Country living means fully embracing critters
Willis Webb

Retirement four and a half years ago involved moving into a house that not only was “out in the country” but that was perched on a river bank. The house sits 10 feet above the ground upon concrete and steel pillars that are anchored in more concrete and steel — beams 3- 4 feet thick and sunk into the ground — all interconnected.

Living in such a house means embracing nature and adapting to the critters around you. Most of what we see regularly are birds and insects. The first year brought an appearance or two from snakes, but a great deal of outside activity here plus the presence of Sawyer, The Famous River Wonder Dog, seems to keep the snake visits minimal.

There are also several selections that I’ve made that are not snake-friendly. First, there’s a substance that we sprinkle around the fence line and the house that is supposed to have a smell that repels reptiles. It must work, because we haven’t seen a snake in a couple of years. Then, there is an assortment of hoes, rakes, mulching forks and a pry bar that can dispatch snakes to reptilian hell (there can’t possibly be a snake heaven). And, if those methods fail, there’s a 12-gauge shotgun that tends to dispense those slithery scumbags in a score of directions.

We do manage to very much enjoy the birds who keep the insect population down.

Having an elevated house provides several advantages. First, underneath is one big carport. Secondly, there is room for a solid, secure metal storage building that houses the tools and lawn and garden equipment required to maintain 2.5 acres.

You can sit in law n chairs “under” the house and remain somewhat cooler than the temperature outside the reaches of the house’s shade. That space under the house also attracts good variety of birds and, after an aggressive demeanor toward them early on, I’ve managed to adopt a conciliatory approach to these feathered residents. My avian-knowledgeable Life Partner has identified some of our flying neighbors as Eastern Phoebes. These birds show no signs, despite my earlier objections, of abandoning their habitat to a crotchety retiree. They build nests of moss and anchor them to the house with mud.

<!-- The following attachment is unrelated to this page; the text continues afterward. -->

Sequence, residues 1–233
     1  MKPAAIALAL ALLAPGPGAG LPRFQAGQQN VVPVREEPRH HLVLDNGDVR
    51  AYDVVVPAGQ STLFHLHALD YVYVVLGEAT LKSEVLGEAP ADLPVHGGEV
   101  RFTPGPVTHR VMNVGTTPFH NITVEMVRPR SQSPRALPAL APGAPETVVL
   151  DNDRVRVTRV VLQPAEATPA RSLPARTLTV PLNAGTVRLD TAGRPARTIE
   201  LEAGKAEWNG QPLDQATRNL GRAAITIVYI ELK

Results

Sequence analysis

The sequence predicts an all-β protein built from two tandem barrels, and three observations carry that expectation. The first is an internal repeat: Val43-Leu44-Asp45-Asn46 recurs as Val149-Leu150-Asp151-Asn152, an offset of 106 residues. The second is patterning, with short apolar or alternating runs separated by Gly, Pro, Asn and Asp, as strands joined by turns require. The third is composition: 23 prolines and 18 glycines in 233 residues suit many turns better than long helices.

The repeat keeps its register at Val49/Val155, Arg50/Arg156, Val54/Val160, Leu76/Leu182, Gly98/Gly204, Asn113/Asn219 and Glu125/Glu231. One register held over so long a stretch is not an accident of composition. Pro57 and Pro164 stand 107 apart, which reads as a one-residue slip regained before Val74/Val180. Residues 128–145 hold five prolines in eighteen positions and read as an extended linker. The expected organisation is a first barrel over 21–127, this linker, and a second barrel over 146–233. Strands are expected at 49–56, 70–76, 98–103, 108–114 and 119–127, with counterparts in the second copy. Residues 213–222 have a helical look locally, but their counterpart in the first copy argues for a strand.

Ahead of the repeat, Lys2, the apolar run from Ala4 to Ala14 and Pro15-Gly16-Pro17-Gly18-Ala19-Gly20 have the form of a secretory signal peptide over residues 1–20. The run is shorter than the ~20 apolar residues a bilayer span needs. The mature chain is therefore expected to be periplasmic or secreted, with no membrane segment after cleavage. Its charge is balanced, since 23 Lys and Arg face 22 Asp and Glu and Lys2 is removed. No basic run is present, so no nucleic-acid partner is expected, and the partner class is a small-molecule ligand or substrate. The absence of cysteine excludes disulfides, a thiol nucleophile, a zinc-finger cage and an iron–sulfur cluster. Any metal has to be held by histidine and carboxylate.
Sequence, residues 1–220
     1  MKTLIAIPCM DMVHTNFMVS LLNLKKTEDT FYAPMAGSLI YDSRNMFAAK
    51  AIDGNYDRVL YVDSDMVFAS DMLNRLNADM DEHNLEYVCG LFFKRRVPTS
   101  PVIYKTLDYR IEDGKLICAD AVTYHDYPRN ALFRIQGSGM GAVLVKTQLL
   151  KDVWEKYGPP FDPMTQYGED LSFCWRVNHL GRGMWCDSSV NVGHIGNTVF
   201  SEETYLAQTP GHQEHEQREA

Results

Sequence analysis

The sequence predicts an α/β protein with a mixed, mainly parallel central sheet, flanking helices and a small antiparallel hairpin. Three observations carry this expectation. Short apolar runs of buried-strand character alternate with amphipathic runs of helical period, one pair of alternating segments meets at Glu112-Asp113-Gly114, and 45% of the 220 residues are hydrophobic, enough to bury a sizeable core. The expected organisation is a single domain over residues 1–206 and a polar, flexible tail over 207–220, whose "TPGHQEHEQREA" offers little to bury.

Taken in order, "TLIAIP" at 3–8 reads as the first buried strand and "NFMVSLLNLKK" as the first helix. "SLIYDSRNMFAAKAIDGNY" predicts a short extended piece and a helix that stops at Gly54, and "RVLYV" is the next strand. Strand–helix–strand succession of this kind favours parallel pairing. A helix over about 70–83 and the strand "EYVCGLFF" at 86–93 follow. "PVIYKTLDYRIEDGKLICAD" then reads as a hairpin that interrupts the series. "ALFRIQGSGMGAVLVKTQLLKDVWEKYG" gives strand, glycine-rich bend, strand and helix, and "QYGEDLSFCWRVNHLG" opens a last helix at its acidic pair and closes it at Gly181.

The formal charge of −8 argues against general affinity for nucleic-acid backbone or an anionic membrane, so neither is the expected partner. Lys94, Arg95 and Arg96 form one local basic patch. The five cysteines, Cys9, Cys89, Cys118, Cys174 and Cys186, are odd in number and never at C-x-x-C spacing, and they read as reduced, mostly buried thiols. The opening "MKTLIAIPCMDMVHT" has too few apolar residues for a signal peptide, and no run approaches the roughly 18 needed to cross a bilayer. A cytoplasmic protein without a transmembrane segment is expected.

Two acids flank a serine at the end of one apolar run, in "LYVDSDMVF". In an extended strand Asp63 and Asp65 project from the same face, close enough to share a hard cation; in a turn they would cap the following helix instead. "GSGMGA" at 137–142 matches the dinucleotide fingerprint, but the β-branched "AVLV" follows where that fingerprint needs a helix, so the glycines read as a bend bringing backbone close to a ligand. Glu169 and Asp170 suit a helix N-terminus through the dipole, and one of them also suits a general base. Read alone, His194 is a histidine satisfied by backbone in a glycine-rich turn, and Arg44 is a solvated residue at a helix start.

These birds are timid. They live near waterways and build nests on rocks, under bridges and on the eaves of houses.

Phoebes are fly catchers, one major reason I’ve developed this live-and-let-live policy that paved the way for a truce with them.

Life Partner has pointed out that these birds identify themselves with their call: “Fee-bee! Fee-bee!” They have a dark head and a solid black bill and the easily identifiable flycatcher tail feathers.

Our cohabiting avians have an ability to hover, similar to a hummingbird or a helicopter, and that seems to enhance their ability to nail those pesky wasps, mosquitoes and other insect pest varieties.

My admiration for the phoebes really grew when, as I was sitting in a lawn chair, a wasp approached my head. Out of nowhere came the phoebe and nailed the wasp in midair, then f lew to the nest to share this spicy delicacy with the young phoebes, one of two broods the birds will produce in a year’s time. Life Partner told me that not only will phoebes eat wasps but spiders, worms, asps and mosquitoes on a long list of pesky insects.

I’ve really taken a liking to Phillip, the name I’ve given our resident male phoebe. Anything that can dispatch a wasp so proficiently and quickly has a place in my heart. Plus, you can get attached to such good and industrious parents as Phillip and Penelope (the name I’ve given his mate). I’ve spent up to an hour sitting and watching them catch and feed these insects to their phoebe young. Then, you can’t help but mar vel as the young phoebes take their maiden flights to also become hunters of the insects I so despise.

You go, Phillip and Penelope and your Phoebe Phamily.

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2011-05-05 digital edition

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